Bicol rice retail prices hit P75/kilo

Bella Cariaso - The Philippine Star
Bicol rice retail prices hit P75/kilo
A rice vendor inspects his products at a public market in Paco, Manila on September 6, 2023 after President Bongbong Marcos Jr. imposed a nationwide price ceiling for regular milled rice at P41 per kilo and P45 per kilo for well-milled rice.
STAR / Ernie Penaredondo

MANILA, Philippines — Retail prices of rice in Bicol have reached P75 per kilo, according to watchdog group Bantay Bigas.

The spokesperson for the group, Cathy Estavillo, cited monitoring which showed that rice prices in the region ranged between P60 to P75 per kilo.

Estavillo said the increase in rice prices continues despite a report by the Philippine Statistics Authority that palay production in 2023 increased to 20.05 million metric tons compared to 19.75 million MT in 2022.

She said consumers do not feel the increase in palay production, noting that retail prices of rice in 2023 were the highest in 14 years.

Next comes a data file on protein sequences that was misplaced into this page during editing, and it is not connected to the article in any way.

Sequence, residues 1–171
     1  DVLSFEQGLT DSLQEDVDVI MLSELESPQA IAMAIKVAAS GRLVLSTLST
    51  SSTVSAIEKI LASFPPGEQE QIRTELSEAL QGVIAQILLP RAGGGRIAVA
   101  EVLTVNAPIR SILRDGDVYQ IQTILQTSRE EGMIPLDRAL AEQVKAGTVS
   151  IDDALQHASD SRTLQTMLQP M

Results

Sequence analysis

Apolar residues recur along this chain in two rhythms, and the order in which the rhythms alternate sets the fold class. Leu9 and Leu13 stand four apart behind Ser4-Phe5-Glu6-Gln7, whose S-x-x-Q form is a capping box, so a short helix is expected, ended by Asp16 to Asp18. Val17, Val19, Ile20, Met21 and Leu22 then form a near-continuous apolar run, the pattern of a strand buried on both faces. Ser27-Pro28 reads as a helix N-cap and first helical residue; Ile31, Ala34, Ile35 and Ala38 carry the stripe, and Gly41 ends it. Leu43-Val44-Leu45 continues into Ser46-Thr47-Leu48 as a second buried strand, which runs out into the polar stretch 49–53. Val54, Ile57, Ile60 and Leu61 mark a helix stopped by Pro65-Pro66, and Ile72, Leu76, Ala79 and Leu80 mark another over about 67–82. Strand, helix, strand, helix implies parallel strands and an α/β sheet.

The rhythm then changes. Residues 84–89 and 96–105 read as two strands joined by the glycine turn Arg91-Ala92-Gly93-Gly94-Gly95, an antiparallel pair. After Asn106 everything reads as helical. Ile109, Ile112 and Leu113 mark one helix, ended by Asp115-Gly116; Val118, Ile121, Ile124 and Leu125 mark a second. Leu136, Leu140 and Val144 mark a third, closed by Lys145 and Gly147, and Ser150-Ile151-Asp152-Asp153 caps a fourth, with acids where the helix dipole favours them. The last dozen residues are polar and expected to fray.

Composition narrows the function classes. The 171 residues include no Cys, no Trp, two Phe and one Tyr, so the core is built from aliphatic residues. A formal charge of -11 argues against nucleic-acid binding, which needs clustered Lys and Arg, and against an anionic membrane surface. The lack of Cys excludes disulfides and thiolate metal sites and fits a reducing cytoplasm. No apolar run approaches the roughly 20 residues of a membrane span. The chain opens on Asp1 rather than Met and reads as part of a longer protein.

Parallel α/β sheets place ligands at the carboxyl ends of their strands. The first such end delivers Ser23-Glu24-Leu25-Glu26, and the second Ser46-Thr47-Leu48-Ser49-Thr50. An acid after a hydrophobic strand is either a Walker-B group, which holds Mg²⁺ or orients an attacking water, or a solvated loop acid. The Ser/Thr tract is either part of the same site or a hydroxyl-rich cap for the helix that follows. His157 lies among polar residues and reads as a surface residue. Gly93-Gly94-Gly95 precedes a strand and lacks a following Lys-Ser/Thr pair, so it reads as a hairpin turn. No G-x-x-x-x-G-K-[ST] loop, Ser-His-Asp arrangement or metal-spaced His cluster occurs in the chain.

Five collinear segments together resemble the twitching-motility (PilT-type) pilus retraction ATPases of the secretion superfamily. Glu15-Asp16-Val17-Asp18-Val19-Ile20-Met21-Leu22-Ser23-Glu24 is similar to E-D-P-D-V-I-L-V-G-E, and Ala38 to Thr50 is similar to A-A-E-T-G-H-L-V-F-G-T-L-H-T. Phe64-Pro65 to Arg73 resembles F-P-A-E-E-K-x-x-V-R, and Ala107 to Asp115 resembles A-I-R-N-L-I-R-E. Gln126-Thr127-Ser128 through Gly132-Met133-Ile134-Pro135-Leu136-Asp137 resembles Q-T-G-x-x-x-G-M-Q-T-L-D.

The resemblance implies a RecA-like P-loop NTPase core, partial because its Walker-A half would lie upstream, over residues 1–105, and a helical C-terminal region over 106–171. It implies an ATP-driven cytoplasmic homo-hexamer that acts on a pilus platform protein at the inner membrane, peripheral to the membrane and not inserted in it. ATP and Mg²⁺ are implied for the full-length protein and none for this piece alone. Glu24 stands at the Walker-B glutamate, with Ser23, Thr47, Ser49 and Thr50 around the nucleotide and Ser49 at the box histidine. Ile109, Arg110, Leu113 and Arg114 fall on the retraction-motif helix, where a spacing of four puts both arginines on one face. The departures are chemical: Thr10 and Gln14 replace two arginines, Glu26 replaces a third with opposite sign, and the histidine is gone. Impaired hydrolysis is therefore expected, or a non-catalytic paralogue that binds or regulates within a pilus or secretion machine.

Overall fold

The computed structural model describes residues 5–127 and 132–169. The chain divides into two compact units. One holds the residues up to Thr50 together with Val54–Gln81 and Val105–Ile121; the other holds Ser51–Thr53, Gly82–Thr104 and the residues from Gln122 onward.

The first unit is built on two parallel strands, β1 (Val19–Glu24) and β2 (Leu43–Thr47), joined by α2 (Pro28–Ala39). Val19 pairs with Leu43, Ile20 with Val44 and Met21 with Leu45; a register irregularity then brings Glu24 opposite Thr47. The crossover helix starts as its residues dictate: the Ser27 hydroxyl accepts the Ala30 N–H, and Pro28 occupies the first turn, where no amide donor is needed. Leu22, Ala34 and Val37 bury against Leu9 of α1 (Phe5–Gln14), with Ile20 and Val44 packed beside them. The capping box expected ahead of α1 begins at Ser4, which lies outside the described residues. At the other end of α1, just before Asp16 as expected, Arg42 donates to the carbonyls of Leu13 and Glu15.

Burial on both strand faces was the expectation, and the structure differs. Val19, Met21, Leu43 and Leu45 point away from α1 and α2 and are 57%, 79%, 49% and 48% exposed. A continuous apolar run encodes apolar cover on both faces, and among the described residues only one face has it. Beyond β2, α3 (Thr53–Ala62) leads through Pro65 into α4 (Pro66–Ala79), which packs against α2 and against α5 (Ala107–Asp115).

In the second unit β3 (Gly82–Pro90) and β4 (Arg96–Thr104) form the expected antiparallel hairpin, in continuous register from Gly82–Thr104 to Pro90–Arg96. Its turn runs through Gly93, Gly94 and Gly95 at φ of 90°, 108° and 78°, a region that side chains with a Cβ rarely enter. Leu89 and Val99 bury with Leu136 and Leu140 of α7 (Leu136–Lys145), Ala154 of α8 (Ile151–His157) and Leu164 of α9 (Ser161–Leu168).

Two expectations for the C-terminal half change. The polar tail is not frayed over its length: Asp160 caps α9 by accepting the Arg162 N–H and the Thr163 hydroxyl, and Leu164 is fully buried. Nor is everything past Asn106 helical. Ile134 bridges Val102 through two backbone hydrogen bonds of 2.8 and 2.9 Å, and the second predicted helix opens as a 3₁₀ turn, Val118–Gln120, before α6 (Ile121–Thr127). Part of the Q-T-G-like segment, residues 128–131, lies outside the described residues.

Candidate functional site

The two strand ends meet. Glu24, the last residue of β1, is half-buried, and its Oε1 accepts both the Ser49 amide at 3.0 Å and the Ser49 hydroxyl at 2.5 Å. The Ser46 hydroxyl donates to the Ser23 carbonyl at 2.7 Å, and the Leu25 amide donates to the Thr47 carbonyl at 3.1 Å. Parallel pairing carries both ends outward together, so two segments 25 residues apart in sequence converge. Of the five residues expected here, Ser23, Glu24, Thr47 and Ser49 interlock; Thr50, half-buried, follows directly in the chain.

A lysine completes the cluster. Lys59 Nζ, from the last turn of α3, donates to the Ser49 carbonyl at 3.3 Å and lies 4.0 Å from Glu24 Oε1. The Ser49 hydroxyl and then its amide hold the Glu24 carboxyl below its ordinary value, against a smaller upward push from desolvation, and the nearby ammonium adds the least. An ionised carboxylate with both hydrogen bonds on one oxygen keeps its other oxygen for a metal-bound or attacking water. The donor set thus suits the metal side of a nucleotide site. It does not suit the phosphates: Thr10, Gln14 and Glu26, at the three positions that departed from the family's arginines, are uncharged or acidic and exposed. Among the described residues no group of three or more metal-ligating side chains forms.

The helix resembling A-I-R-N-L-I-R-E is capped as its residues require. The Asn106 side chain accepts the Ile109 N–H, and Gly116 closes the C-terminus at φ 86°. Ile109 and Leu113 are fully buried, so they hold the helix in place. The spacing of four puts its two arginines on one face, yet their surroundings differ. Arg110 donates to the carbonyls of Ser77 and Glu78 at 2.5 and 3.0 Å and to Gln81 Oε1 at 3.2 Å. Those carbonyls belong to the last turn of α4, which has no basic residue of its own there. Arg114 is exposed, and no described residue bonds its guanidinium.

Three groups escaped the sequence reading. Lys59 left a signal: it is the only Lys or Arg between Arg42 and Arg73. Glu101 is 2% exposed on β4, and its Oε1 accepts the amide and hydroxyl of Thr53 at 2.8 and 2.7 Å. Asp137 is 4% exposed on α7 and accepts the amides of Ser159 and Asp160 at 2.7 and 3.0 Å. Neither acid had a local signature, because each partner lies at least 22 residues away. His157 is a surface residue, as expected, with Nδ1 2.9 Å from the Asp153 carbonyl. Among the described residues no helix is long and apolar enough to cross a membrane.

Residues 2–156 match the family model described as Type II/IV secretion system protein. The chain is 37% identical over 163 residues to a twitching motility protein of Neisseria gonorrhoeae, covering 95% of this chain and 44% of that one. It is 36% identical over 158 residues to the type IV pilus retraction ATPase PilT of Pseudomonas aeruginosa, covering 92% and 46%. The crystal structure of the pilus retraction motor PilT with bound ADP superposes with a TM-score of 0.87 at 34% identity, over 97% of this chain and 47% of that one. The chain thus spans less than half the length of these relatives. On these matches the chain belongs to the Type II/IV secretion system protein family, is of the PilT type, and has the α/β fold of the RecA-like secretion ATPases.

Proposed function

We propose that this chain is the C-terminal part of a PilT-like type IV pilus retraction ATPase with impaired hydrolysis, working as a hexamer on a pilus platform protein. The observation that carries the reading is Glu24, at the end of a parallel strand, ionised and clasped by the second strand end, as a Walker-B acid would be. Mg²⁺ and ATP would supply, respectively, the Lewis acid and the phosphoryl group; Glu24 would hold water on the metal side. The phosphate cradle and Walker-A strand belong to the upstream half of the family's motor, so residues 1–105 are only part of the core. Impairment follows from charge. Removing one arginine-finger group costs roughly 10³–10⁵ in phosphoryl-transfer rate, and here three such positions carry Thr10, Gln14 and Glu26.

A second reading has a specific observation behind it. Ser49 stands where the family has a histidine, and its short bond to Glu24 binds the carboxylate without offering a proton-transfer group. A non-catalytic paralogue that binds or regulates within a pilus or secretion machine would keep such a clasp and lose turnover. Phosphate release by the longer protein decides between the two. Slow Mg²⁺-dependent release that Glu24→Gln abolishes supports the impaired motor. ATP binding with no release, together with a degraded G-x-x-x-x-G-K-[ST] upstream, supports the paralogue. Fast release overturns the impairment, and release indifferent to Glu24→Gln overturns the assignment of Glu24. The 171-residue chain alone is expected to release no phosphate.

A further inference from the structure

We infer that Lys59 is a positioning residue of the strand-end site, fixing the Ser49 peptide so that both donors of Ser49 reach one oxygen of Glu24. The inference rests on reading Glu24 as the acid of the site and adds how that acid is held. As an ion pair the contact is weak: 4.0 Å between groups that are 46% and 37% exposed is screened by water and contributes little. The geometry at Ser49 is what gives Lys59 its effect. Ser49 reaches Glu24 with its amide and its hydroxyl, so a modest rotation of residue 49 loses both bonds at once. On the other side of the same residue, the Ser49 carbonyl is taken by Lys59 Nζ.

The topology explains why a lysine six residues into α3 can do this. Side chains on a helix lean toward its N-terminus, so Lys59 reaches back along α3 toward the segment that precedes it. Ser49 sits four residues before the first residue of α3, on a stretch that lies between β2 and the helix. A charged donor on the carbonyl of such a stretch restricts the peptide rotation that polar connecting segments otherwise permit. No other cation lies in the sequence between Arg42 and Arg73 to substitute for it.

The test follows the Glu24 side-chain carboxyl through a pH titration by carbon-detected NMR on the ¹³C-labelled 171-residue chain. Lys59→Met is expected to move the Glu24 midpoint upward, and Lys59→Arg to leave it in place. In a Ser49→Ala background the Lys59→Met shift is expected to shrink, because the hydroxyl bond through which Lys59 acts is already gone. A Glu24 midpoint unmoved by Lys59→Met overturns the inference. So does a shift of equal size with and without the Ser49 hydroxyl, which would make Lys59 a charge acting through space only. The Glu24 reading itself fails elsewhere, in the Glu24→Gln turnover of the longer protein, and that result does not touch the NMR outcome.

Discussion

”This means that the palliative measures of the government like extending tariff on imported rice, distribution of food stamps and implementation of subsidy did not help as the spike in rice prices continues,” Estavillo said.

Bantay Bigas had earlier issued a warning on the increase in hunger incidence amid the continued spike in retail prices of rice.

Estavillo said retailers have noted a drop in the volume of rice that consumers buy in the market.

“As far as the supply is concerned, we have a lot of supply (of rice) in the markets. The problem is the high retail prices. The lowest retail price in Metro Manila markets is P54 per kilo,” she said.

Monitoring by the Department of Agriculture showed that the retail price of local regular milled rice has increased to P53 per kilo; local well-milled rice, P55; local premium rice, P60; local special rice, P68; imported well-milled rice, P56; imported premium rice, P62, and imported special rice, P65.

Estavillo blamed Republic Act 11203 or the Rice Tariffication Law for price manipulation and hoarding.

“Our farmers also experience involuntary hunger. The free distribution of farms, and support services for farmers are necessary to boost the local palay production,” she said.

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